Water shortage may delay first run of largest power plant

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Insufficient water may make it impossible for the nation's largest hydropower project in Son La to start running at the end of this year as planned, a local weather expert said.
 
The Son La power plant began to receive water in mid May, but its water level was just 160 meters, below the "dead point" of 170 meters.
 
Nguyen Lan Chau of the Central Hydrometeorology Center said water levels have been low this year and will not improve soon due to the lack of rain. She said she was worried that Son La will not have enough water by the end of the year.

Chau also said two of the three largest hydropower reservoirs in the northern region, Hoa Binh and Tuyen Quang, have also seen water levels fall this year.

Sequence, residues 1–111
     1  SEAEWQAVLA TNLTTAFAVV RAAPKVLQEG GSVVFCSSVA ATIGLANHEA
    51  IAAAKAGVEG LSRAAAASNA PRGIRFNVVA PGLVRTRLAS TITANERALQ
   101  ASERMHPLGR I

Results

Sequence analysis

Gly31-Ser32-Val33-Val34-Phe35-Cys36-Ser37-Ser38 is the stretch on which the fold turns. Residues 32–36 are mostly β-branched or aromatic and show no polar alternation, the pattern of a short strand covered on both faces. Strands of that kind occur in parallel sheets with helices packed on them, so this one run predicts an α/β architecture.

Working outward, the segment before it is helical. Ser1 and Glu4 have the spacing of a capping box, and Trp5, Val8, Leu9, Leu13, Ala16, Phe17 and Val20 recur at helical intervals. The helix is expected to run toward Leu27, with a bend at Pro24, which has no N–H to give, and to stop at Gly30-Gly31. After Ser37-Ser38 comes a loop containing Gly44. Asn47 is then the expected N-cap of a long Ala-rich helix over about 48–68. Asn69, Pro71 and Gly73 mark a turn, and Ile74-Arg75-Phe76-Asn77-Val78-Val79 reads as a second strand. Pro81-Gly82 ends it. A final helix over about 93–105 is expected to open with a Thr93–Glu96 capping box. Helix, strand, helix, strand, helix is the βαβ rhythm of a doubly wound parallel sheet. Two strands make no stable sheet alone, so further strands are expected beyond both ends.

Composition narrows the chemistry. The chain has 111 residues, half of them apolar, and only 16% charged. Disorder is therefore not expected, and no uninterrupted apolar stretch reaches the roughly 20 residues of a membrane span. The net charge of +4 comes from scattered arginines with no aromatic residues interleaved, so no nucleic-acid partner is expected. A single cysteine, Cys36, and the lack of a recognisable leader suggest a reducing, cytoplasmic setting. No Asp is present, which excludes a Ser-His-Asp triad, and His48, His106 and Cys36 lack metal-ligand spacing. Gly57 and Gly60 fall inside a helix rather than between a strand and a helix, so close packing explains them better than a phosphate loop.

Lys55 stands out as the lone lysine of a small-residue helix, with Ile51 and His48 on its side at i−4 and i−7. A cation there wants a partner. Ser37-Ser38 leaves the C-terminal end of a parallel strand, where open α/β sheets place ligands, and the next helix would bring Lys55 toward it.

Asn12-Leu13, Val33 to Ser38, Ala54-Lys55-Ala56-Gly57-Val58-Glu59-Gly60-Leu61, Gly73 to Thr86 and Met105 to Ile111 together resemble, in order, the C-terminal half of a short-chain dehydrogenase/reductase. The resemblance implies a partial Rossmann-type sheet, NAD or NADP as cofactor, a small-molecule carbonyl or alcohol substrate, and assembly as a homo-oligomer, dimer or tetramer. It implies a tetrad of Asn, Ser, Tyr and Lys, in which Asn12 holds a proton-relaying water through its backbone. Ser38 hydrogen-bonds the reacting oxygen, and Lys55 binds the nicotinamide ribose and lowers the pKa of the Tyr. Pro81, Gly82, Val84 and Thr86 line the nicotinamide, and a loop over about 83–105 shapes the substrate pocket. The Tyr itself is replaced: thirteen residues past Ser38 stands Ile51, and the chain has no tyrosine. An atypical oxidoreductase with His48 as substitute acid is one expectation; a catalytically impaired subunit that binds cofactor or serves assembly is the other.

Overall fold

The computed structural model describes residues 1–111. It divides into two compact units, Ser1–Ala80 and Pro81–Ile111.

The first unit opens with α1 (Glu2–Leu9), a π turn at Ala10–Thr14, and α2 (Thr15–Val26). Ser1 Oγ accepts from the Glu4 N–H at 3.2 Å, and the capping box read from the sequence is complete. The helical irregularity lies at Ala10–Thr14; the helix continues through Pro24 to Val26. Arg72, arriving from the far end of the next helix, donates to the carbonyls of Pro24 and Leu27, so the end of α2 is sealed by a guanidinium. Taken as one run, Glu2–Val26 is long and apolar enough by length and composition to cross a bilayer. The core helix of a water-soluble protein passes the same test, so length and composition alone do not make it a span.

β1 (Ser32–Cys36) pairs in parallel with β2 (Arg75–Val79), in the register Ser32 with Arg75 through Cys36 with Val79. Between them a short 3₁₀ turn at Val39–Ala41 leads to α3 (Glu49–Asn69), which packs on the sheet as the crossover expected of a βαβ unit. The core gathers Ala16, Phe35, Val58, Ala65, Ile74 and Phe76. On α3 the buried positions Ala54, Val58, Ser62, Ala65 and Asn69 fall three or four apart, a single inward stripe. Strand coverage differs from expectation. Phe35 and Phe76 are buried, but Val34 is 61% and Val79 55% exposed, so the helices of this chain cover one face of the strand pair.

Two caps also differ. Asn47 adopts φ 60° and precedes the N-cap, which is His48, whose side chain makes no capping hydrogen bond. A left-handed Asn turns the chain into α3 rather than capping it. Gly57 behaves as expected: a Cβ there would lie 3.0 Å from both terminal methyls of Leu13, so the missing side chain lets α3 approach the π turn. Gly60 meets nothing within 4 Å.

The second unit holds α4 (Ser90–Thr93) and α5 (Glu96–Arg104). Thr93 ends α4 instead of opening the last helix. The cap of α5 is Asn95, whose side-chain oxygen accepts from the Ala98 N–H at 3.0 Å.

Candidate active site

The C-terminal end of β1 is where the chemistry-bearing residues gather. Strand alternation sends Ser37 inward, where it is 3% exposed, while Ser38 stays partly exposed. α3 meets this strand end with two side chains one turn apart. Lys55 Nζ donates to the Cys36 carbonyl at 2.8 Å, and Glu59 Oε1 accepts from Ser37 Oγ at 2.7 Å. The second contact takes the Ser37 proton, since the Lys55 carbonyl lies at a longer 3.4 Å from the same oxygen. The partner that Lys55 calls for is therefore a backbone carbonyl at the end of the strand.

Construction of the 2,400-megawatt Son La power plant is scheduled to be completed in 2012 but its first unit is to be put on line in December.

The government in April had already forecast that lack of water in reservoirs could translate into a loss of nearly 1 billion kilowatt-hours of electricity at hydropower plants this year.

Nguyen Hong Ha, head of the Son La project, said water shortage was the "biggest difficulty" for the power plant now. However, he said he still believed that the plan to start running the plant on December 25 was viable.

The problem is that, by storing water, Son La could affect the operation of Hoa Binh power plant, which is located downstream the same river.

Hoa Binh is expected to generate 8.5 billion kilowatt-hours this year but the plant's general director, Nguyen Van Thanh, said it may have to cut the target to 7.5 billion.

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